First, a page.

The eye of Hurricane Irma passes through Naples, Florida, Sept. 10, 2017.
The eye of Hurricane Irma passes through Naples, Florida, Sept. 10, 2017.

More than three million people in Florida were in the dark Sunday night due to the effects of a fierce hurricane that pounded parts of the state's Gulf Coast with winds of more than 200 kilometers per hour.

Hurricane Irma weakened slightly as it moved slowly north through the third most populous U.S. state Sunday, but its swirling winds were still measured at 165 kph as darkness fell.

The storm slammed into the Florida Keys early Sunday, when it was near its greatest strength. By evening it was closing in on Tampa and St. Petersburg, the two largest cities around Tampa Bay, where a storm surge was expected to push waves of water up to three meters deep into streets, yards and homes.

A major hurricane has not hit Tampa in more than 100 years. Hurricane Irma was an unusually wide storm, and high winds and rain covered the entire Florida Peninsula, from Jacksonville south to Miami.

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'Worried about lives'

President Donald Trump declared Florida a major disaster area Sunday, a step that will release federal aid funds for storm victims more quickly.

Trump, who called his Cabinet into session to see what the government can do to help hurricane victims, said he will visit the storm zone in Florida very soon. He praised rescue efforts by the U.S. Coast Guard as "amazing" and said coordination among federal, state and local agencies working on the storm was going "really well."

Asked how much Florida's recovery will cost, Trump said he is "worried about lives, not cost" at this point.

Hurricane Irma has been called the most powerful Atlantic storm ever recorded, and it delivered as advertised.

Watch related video by VOA's Michael Bowman:

Hurricanes are tropical cyclones that originate in the Atlantic Ocean Basin. In the Northern Hemisphere they form circular masses of high winds and heavy rains rotating counterclockwise. The "eye" of a hurricane is an area of calm at the center of the storm - clearly visible in satellite photographs. When the eye passes overhead a hurricane is only half over for someone on the ground, and sometimes the edge of the open eye, called the eyewall, can be the most violent area of the storm.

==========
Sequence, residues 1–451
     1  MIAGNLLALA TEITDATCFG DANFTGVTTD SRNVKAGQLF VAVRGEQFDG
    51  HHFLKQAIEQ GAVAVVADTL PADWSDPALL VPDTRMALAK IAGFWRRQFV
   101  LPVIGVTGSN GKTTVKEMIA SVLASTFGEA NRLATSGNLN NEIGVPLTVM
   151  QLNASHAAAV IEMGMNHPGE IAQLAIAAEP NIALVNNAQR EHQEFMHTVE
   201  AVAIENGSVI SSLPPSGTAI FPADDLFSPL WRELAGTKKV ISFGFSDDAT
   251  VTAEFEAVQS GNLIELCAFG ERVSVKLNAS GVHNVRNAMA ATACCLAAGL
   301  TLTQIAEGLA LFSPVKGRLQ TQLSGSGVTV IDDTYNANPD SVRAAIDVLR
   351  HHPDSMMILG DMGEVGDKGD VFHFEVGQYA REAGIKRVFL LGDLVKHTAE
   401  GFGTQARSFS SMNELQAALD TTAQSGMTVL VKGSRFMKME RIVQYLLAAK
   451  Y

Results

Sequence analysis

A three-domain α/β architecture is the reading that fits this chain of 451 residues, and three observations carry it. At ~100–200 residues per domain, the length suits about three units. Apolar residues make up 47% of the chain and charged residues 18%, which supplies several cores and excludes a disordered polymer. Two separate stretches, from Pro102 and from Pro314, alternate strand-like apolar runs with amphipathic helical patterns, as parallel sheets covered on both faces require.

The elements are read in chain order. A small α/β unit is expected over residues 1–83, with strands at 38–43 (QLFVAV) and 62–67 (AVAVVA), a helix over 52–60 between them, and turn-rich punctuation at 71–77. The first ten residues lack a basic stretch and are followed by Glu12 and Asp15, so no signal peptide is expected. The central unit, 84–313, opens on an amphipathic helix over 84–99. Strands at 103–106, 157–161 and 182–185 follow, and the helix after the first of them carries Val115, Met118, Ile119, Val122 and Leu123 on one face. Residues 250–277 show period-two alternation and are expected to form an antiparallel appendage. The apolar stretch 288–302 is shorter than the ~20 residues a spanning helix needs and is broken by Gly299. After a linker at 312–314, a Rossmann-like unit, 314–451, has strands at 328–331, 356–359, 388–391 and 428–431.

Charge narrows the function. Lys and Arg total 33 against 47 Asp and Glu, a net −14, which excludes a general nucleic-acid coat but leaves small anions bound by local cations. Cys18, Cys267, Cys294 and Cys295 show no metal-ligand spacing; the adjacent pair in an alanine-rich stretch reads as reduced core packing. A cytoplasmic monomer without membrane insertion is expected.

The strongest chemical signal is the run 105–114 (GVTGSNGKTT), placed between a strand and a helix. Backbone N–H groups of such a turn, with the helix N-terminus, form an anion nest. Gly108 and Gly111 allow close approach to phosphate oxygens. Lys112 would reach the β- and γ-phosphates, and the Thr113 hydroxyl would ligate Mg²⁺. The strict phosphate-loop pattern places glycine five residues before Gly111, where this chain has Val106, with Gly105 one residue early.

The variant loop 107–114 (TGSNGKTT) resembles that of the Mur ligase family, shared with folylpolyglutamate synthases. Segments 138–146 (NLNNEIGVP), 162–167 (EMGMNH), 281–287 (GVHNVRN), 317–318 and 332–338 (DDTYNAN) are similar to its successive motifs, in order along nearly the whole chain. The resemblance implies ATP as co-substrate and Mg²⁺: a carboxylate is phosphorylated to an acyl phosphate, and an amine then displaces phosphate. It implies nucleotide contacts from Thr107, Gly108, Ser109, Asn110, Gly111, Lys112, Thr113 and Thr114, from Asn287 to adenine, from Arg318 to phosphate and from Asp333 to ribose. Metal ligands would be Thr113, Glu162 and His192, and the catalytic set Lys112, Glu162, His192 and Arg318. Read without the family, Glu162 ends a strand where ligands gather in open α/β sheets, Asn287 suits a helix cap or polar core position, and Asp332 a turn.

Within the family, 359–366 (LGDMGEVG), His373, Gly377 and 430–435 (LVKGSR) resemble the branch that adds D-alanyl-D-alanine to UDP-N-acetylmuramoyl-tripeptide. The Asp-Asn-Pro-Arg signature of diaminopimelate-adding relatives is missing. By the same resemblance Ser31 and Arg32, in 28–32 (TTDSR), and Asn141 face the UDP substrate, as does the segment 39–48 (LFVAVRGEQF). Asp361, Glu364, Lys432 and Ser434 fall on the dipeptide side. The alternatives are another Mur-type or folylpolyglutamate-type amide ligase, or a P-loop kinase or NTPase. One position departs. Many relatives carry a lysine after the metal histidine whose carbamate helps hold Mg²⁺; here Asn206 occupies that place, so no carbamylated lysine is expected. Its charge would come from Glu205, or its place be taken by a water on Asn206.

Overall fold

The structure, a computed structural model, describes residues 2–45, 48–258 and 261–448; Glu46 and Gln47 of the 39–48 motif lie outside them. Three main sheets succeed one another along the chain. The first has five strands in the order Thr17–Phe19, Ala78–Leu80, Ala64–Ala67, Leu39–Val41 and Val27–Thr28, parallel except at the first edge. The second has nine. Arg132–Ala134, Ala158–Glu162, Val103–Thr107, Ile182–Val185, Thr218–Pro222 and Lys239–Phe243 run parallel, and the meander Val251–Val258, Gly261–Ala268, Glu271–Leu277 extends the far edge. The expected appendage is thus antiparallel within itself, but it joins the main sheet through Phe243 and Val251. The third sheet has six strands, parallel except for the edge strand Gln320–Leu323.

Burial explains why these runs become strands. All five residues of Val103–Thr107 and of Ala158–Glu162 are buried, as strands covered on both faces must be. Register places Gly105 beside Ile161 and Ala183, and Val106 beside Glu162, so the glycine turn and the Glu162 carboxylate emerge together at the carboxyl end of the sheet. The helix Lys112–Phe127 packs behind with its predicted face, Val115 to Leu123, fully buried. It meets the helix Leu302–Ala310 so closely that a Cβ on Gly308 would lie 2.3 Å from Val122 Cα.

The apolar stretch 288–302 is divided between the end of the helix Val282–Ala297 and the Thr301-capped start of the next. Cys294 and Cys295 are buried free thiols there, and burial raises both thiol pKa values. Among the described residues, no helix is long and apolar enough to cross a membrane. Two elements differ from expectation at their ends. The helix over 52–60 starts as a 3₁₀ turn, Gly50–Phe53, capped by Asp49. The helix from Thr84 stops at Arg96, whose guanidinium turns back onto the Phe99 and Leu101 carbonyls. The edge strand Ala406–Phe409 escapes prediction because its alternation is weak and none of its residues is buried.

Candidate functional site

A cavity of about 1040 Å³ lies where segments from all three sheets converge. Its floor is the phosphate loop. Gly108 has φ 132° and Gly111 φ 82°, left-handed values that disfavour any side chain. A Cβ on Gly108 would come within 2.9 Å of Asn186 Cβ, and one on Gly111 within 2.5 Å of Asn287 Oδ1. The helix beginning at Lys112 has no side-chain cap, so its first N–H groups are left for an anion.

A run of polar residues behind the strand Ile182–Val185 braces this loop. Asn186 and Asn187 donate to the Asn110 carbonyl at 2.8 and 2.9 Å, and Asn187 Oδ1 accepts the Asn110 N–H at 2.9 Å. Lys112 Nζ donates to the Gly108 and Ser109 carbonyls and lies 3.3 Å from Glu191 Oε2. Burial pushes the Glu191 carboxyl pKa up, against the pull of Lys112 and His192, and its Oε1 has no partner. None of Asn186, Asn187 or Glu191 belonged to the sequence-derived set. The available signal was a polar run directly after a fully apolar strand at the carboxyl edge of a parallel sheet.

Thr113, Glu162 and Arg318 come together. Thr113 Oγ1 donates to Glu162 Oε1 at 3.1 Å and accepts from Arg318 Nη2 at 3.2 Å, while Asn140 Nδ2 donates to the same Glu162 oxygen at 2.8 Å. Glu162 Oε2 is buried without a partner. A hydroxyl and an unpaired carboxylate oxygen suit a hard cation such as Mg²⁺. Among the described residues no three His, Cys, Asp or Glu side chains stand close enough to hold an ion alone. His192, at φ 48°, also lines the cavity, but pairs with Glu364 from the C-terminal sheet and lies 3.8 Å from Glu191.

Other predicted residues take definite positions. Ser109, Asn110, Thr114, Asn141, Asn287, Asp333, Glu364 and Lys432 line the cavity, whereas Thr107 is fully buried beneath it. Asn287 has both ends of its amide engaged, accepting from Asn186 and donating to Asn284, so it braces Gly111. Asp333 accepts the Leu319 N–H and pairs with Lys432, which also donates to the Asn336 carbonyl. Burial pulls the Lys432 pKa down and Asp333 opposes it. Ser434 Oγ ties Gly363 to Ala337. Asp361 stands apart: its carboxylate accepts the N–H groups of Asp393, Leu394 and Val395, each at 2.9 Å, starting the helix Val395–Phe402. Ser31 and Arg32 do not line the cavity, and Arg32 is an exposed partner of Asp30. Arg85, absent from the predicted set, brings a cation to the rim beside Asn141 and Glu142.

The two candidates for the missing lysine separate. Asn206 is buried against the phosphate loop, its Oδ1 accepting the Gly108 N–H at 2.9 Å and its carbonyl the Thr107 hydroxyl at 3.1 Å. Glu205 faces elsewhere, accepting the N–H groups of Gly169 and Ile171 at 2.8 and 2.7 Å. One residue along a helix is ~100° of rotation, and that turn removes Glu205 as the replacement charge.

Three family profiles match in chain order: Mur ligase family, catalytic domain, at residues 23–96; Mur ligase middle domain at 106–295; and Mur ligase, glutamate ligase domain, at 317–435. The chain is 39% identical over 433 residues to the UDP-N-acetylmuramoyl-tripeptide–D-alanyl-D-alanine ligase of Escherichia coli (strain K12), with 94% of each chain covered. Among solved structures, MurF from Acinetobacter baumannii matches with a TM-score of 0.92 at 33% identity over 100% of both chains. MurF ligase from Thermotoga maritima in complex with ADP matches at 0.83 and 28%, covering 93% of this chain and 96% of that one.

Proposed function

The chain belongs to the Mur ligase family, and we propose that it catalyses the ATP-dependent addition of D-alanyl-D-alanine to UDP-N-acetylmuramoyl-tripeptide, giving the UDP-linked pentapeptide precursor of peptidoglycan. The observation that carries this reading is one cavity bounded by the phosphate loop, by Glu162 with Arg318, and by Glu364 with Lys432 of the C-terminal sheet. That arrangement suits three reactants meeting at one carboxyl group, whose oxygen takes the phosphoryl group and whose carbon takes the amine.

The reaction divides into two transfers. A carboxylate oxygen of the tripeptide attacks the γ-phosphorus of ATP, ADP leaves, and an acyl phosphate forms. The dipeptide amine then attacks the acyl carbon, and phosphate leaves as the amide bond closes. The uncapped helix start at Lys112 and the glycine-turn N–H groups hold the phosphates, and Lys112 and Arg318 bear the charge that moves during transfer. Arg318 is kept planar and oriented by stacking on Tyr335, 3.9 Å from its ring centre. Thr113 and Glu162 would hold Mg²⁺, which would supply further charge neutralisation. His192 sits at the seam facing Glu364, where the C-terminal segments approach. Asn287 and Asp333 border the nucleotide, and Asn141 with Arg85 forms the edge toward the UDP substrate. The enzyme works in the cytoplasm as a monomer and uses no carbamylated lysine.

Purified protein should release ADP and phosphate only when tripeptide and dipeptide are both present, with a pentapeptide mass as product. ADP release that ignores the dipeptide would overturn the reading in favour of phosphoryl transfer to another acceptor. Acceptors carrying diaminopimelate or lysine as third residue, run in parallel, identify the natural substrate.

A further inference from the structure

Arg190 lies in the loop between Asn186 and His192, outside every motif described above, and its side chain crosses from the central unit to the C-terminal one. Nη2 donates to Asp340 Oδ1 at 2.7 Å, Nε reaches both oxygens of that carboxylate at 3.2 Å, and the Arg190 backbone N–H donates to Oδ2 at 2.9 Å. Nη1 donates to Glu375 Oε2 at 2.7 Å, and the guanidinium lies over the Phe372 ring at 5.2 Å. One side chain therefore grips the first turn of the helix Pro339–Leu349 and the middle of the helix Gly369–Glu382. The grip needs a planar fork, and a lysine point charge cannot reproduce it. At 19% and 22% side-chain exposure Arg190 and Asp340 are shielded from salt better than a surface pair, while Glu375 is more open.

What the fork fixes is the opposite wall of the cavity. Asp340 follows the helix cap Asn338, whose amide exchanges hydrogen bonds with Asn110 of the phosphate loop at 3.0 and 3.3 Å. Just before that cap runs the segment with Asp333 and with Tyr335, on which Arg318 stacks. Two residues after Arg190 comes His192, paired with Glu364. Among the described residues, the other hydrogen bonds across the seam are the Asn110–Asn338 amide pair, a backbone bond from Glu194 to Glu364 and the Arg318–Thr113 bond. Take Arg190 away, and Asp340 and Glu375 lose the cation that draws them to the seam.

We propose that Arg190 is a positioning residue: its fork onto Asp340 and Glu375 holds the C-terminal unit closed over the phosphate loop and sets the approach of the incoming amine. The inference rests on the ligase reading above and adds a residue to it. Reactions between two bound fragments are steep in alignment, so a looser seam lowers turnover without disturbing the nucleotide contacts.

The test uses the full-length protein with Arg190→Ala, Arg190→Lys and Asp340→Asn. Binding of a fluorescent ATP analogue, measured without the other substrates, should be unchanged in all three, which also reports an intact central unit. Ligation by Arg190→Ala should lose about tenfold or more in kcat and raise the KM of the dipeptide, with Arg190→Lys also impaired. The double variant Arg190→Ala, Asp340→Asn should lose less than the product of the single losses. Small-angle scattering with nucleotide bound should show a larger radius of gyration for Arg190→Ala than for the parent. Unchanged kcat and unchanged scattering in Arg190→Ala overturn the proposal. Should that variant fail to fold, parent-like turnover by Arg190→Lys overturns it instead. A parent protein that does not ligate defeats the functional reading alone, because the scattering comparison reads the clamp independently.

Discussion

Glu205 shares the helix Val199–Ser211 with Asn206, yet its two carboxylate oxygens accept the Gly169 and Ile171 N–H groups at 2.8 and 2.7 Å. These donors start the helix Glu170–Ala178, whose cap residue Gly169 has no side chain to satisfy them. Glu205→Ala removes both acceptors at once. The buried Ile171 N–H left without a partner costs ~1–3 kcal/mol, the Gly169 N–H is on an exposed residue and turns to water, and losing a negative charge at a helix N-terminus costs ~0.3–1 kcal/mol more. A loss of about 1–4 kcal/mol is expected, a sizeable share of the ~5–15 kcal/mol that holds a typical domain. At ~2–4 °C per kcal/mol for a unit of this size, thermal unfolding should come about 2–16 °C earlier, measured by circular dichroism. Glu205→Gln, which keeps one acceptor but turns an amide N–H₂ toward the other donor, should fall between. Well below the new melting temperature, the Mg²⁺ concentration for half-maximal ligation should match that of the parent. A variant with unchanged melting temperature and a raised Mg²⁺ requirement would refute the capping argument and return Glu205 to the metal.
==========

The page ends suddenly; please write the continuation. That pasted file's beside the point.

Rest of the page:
The National Hurricane Center predicted Irma will stay on its northern course, traveling up Florida's west coast Sunday night into Monday, then weaken further as it pushes deeper inland in southern Georgia.

Evacuees fill Germain Arena, which is being used a
Evacuees fill Germain Arena, which is being used as a fallout shelter, in advance of Hurricane Irma, in Estero, Florida, Sept. 9, 2017.

Hurricane Irma was a maximum-strength hurricane - category five on a five-point scale that the U.S. follows - when it first crashed into the Leeward Islands in the Caribbean last week. It weakened to a category four storm when it grazed Cuba, and then was measured at category three, but regained strength over warm open waters between Cuba and Florida and was listed as category four again on Sunday. Later on Sunday it was downgraded to a category two storm, but was considered still dangerous.

At least six tornadoes and several waterspouts were sighted in and around the Miami area Sunday, and Miami Beach, usually bustling with tourists, surfers, and swimmers, was a rain-soaked ghost town. Streets in downtown Miami were flooded.

Graceful palm trees, a trademark of "the sunshine state," became hazards as gusts turned leaves, branches, and coconuts into wind-blown weapons.

‘I want everybody to survive’

Florida Governor Rick Scott, a familiar face to all Americans from his frequent live appeals on television about evacuation orders and other precautions, said Sunday was no time for anyone to relax: "I want everybody to survive this storm. I want everybody to be safe. During the storm, as you know, we can’t send out first responders to save you."

Scott also repeated his call for nurses and emergency workers to volunteer their help in the aftermath.

A park officer's vehicle sits in a flooded parking
A park officer's vehicle sits in a flooded parking lot at Haulover Park as Hurricane Irma passes through the area, in North Miami Beach, Florida, Sept. 10, 2017.

More than 75,000 people checked into 400 emergency shelters statewide, but overall, only three storm-related deaths were reported in Florida through late Sunday. At least 25 people have been killed since Irma clobbered the Caribbean late last week.

Prime Minister Gaston Browne of Antigua and Barbuda says 95 percent of Barbuda's buildings were either destroyed or severely damaged. Reporters who flew over the island agreed with his assessment.

The U.S. territory of Puerto Rico suffered losses in its electricity network that blacked out more than one million people. Authorities said it could take up to six months to rebuild the island's power grid.

The Pentagon deployed Navy ships and aircraft and hundreds of Marines to help with recovery efforts in Puerto Rico and the U.S. Virgin Islands, and the U.S. Air Force flew evacuation flights to Puerto Rico and to the Dutch Caribbean island of St. Maarten, which also suffered severe damage.

Netherlands' king is reported to be headed to St. Maarten to assist in recovery efforts, and French President Emmanuel Macron said he would be arriving in St. Martin aboard an Airbus plane packed with aid supplies.

France and the Netherlands share jurisdiction over the island that is home to St. Martin and St. Maarten. The smaller French island of St. Barthelemy, which is nearby, also was badly damaged.